The sugars are present in variable but on average around 72%.Â Of these, fructose and glucose increased from 70% in honeydew honeys until you come close to 100% in some honey nectar.Â Except for a few cases, the sugar fructose is always the most represented in the honey.Â The presence of fructose, honey gives a sweeter than refined sugar but also a source of energy that our body can take longer.Â Indeed, to be used, it must first be converted into glucose and then glycogen, the fuel of our muscles.Â Honey is therefore advisable to athletes before beginning a physical activity, thanks caloric intake of 3,200 kcal / kg .Â .
Long known is the antibacterial activity of honey due to its high sugar and acid pH, and solution of honey, by the action of glucose oxidase contained.Â This enzyme is inactive in pure honey, is active in solution, transforming the glucose into gluconic acid and hydrogen peroxide.Â This arrangement is due to the need to protect the honey in training by the bacteria, even when they do not act the acidity and concentration of sugars.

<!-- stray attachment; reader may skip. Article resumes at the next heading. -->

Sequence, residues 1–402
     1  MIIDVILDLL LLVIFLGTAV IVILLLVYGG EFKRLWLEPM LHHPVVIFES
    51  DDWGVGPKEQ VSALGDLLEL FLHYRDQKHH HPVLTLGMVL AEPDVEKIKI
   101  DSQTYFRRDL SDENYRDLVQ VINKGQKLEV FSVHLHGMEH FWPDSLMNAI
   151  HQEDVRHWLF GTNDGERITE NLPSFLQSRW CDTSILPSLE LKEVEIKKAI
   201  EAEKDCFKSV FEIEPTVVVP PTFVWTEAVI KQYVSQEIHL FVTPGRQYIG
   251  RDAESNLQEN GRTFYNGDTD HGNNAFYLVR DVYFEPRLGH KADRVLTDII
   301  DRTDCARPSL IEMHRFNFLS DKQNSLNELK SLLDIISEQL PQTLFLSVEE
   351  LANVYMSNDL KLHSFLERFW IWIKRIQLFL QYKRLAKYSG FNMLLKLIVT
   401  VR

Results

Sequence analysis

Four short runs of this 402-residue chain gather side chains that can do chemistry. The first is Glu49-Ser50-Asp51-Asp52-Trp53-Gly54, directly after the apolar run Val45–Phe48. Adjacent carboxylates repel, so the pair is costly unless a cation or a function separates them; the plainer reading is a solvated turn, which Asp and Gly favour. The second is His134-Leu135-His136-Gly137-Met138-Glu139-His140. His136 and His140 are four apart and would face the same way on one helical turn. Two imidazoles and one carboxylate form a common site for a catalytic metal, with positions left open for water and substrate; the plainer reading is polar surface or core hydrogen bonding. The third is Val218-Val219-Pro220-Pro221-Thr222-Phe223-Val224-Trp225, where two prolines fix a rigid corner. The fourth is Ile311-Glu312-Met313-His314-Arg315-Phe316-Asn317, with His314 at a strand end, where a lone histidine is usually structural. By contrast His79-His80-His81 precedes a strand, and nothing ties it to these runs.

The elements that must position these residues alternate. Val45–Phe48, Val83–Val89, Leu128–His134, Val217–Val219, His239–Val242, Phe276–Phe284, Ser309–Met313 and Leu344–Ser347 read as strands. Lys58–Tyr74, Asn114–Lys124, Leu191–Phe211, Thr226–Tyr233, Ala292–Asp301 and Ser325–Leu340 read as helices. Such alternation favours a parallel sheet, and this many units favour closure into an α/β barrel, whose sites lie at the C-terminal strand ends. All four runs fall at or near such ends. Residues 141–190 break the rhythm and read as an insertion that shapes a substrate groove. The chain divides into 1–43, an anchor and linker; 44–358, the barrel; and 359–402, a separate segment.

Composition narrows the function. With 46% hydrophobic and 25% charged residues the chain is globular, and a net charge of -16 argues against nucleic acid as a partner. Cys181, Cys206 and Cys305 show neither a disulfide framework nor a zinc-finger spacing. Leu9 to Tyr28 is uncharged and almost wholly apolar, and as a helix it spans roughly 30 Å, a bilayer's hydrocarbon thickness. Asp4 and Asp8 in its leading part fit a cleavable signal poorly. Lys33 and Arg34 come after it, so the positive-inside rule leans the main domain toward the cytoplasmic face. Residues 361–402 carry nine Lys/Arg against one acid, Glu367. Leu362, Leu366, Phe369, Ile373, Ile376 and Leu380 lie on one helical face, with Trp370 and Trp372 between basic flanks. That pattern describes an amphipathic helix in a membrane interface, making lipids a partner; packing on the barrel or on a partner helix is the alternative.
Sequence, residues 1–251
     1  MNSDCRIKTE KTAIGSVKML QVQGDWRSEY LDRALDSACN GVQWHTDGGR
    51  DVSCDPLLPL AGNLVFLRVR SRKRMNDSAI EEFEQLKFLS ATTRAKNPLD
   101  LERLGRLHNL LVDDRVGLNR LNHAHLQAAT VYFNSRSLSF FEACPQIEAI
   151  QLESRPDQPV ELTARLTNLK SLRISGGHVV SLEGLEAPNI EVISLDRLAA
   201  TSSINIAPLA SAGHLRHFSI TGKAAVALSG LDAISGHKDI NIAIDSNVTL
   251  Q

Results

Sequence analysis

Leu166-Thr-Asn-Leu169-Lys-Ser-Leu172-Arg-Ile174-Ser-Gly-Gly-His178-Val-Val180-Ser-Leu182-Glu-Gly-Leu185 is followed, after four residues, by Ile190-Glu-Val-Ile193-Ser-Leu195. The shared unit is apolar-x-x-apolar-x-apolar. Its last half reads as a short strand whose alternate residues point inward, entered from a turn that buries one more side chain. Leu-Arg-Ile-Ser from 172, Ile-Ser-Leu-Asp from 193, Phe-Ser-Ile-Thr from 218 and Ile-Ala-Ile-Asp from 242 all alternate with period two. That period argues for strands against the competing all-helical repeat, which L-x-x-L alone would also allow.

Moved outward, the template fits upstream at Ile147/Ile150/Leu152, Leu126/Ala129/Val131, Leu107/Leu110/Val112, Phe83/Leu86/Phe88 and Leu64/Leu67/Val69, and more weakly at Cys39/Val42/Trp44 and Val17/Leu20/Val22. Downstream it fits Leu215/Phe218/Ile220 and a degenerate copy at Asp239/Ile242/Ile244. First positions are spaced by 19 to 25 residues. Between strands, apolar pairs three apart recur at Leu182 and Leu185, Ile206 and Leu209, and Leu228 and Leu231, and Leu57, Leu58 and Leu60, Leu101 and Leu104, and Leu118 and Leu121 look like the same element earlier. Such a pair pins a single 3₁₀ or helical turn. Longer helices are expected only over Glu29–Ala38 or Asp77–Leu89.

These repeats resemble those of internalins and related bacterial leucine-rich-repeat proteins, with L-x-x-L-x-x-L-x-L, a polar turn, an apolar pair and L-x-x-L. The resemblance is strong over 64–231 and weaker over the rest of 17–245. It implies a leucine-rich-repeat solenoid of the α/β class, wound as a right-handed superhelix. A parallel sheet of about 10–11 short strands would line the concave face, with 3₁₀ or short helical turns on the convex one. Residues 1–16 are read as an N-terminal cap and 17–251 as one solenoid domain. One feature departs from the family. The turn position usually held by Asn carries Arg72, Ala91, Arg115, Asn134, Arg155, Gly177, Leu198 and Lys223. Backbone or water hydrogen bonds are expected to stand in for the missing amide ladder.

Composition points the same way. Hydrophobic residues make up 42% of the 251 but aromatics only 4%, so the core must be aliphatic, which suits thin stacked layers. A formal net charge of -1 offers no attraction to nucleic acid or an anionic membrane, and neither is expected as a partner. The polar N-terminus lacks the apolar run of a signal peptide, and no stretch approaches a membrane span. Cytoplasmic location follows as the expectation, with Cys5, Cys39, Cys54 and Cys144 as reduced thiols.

Thanks to the qualities of a natural antibacterial agent, honey is a food that naturally has a long shelf life.Â However, there is some deterioration due primarily to:
Moisture promotes the fermentation, while distorting the honey that can be used to make mead.Â The temperature instead directly influences the flavor and nutritional value: whereas below 10 Â° Celsius is negligible (in fact, to avoid the crystallization can store the honey in temperatures below zero), two months at 30 Â° degradeÂ honey as a year and a half to 20 Â°.Â The same goes for the direct light, so you should store the honey in dark containers or indoors.Â Moreover, being hygroscopic, the honey tends to absorb moisture and odors of the environment, so the containers should be airtight.
The degradation of the sugar fructose, both with time and after heat treatment generates hydroxymethylfurfural (HMF).Â Since the HMF is virtually absent in the fresh honey, its value, usually expressed in mg per kg (ppm) is a good indicator of the type of processing and storage of honey.Â The limit imposed by Italian law is 40 mg / kg.Â In the honey industry, which are more liquid, the HMF is often very close, if not equal to that value.
The phases of honey are a set of processes that the beekeeper takes to get the honey in marketable form.
The work begins where man ends the bee or the end of flowering, after the bees have capped and stored in honey combs.